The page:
On Friday, January 25, Norwich Tech students attended a rally to celebrate life, the school community, the Norwich community, and the importance of “connectedness,” according to the school’s blog.
*Animal rights supporter Jackie Hanrahan, a Queens, N.Y., native, recently visited the Chimfunshi Wildlife Orphanage in Zambia. Somehow, “despite not having electricity, the children [of the Chimfunshi grade school] had heard about the Sandy Hook tragedy and were very saddened by it,” according to Donald Tremblay, the publicist for Loyola School, of which Ms Hanrahan is an alumnae.
“To show the Sandy Hook victims and survivors that they were in the prayer of the Chimfunshi people,” Mr Tremblay continued, “the Chimfunshi children colored in drawings of Happy Hippo Billy.”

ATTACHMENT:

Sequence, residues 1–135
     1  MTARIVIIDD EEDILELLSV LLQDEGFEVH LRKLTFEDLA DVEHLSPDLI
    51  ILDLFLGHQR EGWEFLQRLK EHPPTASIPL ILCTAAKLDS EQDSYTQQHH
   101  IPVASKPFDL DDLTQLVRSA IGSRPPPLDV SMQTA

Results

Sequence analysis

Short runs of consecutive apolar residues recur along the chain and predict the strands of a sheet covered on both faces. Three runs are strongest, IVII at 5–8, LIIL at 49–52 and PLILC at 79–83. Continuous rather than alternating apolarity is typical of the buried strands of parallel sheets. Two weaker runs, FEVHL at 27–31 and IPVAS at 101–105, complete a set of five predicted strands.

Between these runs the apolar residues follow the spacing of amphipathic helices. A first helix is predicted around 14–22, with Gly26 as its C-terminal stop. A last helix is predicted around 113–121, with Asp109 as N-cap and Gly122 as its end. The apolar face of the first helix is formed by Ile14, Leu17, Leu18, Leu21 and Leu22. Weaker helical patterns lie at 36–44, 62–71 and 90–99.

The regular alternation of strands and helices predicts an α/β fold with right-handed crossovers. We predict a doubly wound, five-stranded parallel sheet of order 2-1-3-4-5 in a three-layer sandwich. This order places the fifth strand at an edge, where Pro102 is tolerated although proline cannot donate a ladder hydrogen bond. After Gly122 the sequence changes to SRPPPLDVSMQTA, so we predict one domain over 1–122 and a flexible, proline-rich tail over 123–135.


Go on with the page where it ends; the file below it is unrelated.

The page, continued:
Why color drawings of a hippopotamus? Happy Hippo Billy was an orphaned baby female hippo who has been raised by the owners of the wildlife orphanage, the largest chimpanzee sanctuary. The children, according to a page at HappyHippoBilly.com that has been dedicated to Sandy Hook, wanted to color in pictures of Happy Hippo to give to their peers at Sandy Hook to let them know they care. A gallery of photos of the grade school children showing their finished photos has been posted. Photos show smiling children holding their beautiful colored pictures, with hippopotamuses colored red, turquoise, pink, purple, yellow and even multi-colored hippos.
In addition to the photos posted on the website (and a corresponding Facebook page), Ms Hanrahan “took photos of the children holding their colored-in hippos so that she can give the photos to the Sandy Hook Elementary School,” said Mr Tremblay.
*In January, Heather King and Ellen Seidman began a project that was to have its first public appearance on February 1: The 26Valentines Project.